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August 12, 2020

The Impact of Data Regulations on Contact Centers

Edgar Pimenta


There was a time that running a contact center was as simple as handing inbound and outbound phone calls. If a customer had a problem, she would pick up the phone and call customer service. If a service agent was unavailable, the customer would get a call back.

Simpler times, for sure. Today, companies must manage customer relationships on a dizzying amount of channels: the trusty phone is still there, but so is email, Twitter, Facebook, LinkedIn, SMS, Live Chat, and Chatbots. There’s a lot of complexity–and data–in managing that many channels. As new privacy regulations emerge, companies are faced not only with developing a strategy to best manage customer relationships but how to protect vital customer, employee, and partner data.

With the General Data Protection Regulation (GDPR) going into effect in 2018 and the California Consumer Privacy Act (CCPA) going into effect earlier this year, the movement to regulate the flow of data – and how companies use it – continues to grow. These regulations and corresponding penalties have profound impacts on the way contact centers operate and how they handle data.

For contact centers to adapt to changing data regulations, companies must approach privacy with transparency and diligence. What the early days of regulation have taught is that there is no black and white. Some companies have managed privacy with transparency, but have forgotten diligence. Many mistakenly thought that by working feverishly to become GDPR compliant that the hard work was done when they achieved it. Unfortunately, a strong privacy strategy is not something that can be implemented and then untouched. Regulations are constantly evolving and a privacy program needs constant attention and regular reviews.


When considering transparency, it is the metric companies to demonstrate that what they are doing is correct and justifiable. If there is not a clear reason for collecting a particular type of data, don’t collect it. If there is data you collected that you no longer need, remove it. Communication to stakeholders is of the utmost importance. Customers, prospects, employees, and partners all need to understand how data is being collected, stored, and ultimately used.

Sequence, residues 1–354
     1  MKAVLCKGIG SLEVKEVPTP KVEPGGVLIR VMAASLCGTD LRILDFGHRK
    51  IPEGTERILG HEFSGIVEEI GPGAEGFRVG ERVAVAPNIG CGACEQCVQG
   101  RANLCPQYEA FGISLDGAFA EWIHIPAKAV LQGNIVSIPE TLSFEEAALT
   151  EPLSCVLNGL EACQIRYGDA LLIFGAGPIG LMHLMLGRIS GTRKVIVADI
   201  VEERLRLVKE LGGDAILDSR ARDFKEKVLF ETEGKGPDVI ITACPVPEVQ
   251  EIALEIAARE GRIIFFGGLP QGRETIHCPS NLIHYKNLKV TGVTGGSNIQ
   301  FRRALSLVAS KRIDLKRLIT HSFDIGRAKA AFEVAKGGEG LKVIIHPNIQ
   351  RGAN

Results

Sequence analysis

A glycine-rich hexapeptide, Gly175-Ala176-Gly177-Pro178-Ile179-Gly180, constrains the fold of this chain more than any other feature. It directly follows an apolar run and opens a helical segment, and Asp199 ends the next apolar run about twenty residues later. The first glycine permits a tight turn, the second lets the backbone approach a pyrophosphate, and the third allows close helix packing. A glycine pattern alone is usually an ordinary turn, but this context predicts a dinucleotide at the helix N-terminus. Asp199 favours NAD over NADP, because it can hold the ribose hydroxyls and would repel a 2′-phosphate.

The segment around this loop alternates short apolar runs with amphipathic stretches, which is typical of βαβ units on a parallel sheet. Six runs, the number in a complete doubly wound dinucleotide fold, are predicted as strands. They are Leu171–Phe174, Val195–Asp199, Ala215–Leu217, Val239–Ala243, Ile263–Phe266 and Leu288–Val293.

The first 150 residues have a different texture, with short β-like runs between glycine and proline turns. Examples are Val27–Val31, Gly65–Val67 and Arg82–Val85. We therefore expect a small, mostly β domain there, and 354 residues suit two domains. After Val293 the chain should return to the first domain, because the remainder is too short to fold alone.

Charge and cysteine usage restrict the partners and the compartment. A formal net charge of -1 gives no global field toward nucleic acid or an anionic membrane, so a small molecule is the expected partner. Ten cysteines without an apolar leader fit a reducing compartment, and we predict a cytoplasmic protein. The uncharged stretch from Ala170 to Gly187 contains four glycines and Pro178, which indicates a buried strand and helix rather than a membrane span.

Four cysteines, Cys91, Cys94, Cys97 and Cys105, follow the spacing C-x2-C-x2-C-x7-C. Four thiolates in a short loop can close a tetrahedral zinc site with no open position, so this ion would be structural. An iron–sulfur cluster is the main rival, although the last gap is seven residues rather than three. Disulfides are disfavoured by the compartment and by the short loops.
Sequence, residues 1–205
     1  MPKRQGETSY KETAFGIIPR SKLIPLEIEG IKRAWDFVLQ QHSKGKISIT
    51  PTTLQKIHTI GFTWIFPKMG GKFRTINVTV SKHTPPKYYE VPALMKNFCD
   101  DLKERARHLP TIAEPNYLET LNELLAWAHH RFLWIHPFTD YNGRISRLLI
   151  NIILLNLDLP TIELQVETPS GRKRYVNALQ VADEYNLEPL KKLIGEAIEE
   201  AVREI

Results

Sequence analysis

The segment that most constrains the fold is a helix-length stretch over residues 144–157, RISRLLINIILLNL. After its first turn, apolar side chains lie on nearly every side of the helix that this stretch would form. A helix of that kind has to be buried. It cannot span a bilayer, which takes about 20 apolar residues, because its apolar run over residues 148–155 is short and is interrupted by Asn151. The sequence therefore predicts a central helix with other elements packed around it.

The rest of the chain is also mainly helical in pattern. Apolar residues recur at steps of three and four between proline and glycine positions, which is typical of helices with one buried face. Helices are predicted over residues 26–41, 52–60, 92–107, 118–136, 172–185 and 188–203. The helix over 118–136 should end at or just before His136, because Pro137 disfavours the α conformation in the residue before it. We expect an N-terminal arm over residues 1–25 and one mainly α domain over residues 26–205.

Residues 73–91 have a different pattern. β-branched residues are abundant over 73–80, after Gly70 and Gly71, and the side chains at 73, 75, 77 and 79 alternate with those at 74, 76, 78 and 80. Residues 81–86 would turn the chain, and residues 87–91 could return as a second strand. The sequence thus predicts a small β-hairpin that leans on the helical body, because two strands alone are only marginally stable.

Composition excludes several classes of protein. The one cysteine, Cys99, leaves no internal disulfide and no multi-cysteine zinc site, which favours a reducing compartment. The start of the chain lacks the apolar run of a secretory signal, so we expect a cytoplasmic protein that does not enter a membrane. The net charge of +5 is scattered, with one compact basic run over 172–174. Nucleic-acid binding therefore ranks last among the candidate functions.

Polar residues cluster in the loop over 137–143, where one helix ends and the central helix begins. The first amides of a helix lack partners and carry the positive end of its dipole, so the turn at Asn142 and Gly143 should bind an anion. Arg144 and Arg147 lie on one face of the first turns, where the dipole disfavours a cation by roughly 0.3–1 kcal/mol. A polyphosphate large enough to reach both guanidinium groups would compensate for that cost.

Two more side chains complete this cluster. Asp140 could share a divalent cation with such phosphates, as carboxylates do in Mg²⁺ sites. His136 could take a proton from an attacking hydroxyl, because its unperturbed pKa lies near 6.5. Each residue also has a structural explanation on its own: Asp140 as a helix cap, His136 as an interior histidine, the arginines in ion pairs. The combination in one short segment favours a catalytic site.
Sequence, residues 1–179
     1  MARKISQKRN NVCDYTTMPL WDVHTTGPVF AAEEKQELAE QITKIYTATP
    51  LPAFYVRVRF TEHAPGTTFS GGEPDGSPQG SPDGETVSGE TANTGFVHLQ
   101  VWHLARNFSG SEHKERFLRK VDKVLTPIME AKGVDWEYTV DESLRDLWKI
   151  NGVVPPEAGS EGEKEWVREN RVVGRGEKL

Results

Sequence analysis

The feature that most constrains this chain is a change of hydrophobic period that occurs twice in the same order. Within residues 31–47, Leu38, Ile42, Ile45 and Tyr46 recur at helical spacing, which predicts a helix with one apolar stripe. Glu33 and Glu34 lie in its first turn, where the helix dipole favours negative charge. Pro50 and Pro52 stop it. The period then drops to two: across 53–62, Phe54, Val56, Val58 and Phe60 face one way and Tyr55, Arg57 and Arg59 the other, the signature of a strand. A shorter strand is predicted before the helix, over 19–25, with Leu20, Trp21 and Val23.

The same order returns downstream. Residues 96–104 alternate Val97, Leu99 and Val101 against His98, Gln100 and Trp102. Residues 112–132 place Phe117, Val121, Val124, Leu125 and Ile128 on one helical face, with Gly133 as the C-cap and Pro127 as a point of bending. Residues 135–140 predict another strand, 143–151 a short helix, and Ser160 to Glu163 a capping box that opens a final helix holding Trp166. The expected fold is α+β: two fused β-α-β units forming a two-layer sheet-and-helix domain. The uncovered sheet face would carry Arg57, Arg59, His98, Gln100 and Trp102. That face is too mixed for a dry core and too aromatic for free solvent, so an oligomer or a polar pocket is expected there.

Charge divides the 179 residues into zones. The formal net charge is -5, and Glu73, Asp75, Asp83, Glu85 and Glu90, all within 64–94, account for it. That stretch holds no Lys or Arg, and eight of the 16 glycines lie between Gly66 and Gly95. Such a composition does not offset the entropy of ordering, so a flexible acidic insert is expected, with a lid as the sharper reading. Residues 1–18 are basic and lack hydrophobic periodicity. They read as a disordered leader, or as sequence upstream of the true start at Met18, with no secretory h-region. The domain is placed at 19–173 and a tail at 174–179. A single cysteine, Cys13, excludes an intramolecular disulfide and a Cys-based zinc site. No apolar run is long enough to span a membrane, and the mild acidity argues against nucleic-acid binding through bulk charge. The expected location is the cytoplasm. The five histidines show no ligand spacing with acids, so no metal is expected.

Diligence is defined by a company’s appetite to constantly evolve its thinking on privacy. Once a program is in place, it should be continually monitored and improved upon. Sadly, there is no silver bullet when it comes to privacy, so companies need to be vigilant. Set the regulation bar high and future proof the business from non-compliance. Service agent transcripts need regular review, as do social channels, emails and any other form of outbound communication, to ensure that the company is being transparent and meeting regulations.

With an organizational mantra of transparency and diligence, companies must consistently evaluate and do the following:

Understand Your Business

It seems simple but, when looked at in the aggregate and reviewed for all its moving parts, many companies struggle understanding their ecosystems. When considering the variety of audiences–customers, partners, prospects, employees, third-party vendors that leverage company data–it can be a painstaking activity to understand how and why data is being used and, when needed, change processes to ensure compliance.

Understand Your Environment

Even trickier than understanding the business is understanding what is happening outside the organization and its implications on the business.

At a minimum, keep an eye open for new legislation (warning: there will be more) across the geographies the company does business and understand how it impacts the company ecosystem. In fact, it’s good business to review every new privacy legislation regardless of whether or not it’s a region you have business in. What happens outside your ecosystem is sure to have implications down the road to which you will have to adapt.

Prepare for the Worst

The sad reality of all the time spent adhering to regulations, monitoring and changing your protocols, and evolving your company culture to prioritize compliance, you can still be non-compliant–and, worse yet, your data can still be vulnerable to outside threats. This is where future proofing and setting a high bar for compliance come in. If regulators come in, work with them. Identify the parts of your privacy program that need to be addressed.

Privacy–and security more generally–is never perfect and requires continual improvement. Lead with transparency and diligence, take these steps and you will reduce the level of surprise for your business.

About the author: Edgar Pimenta serves as Information Security Director for Talkdesk, where he has worked since 2017. He is responsible for Governance, Compliance, and Information Security Risk Management at Talkdesk. He also serves as an invited Professor in Fraud Management and Internal Audit and Enterprise Risk Management post-grad classes at Porto Business School.

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